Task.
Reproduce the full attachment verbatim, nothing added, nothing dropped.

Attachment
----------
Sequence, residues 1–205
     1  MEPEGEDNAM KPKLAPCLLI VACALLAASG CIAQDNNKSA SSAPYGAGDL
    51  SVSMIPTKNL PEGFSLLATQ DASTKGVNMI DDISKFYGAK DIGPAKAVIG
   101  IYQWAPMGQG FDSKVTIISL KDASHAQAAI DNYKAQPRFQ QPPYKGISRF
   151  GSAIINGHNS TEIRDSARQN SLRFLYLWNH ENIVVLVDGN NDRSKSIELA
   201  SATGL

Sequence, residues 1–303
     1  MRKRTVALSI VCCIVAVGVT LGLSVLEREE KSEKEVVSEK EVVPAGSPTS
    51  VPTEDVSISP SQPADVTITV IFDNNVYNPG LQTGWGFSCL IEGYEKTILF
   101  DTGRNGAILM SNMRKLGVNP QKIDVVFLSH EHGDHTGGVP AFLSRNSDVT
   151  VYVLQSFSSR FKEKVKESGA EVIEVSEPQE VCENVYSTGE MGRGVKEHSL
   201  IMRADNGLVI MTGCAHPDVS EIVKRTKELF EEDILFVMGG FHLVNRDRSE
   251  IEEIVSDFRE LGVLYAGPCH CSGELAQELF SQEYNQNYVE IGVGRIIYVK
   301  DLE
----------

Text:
Sequence, residues 1–205
     1  MEPEGEDNAM KPKLAPCLLI VACALLAASG CIAQDNNKSA SSAPYGAGDL
    51  SVSMIPTKNL PEGFSLLATQ DASTKGVNMI DDISKFYGAK DIGPAKAVIG
   101  IYQWAPMGQG FDSKVTIISL KDASHAQAAI DNYKAQPRFQ QPPYKGISRF
   151  GSAIINGHNS TEIRDSARQN SLRFLYLWNH ENIVVLVDGN NDRSKSIELA
   201  SATGL

Sequence, residues 1–303
     1  MRKRTVALSI VCCIVAVGVT LGLSVLEREE KSEKEVVSEK EVVPAGSPTS
    51  VPTEDVSISP SQPADVTITV IFDNNVYNPG LQTGWGFSCL IEGYEKTILF
   101  DTGRNGAILM SNMRKLGVNP QKIDVVFLSH EHGDHTGGVP AFLSRNSDVT
   151  VYVLQSFSSR FKEKVKESGA EVIEVSEPQE VCENVYSTGE MGRGVKEHSL
   201  IMRADNGLVI MTGCAHPDVS EIVKRTKELF EEDILFVMGG FHLVNRDRSE
   251  IEEIVSDFRE LGVLYAGPCH CSGELAQELF SQEYNQNYVE IGVGRIIYVK
   301  DLE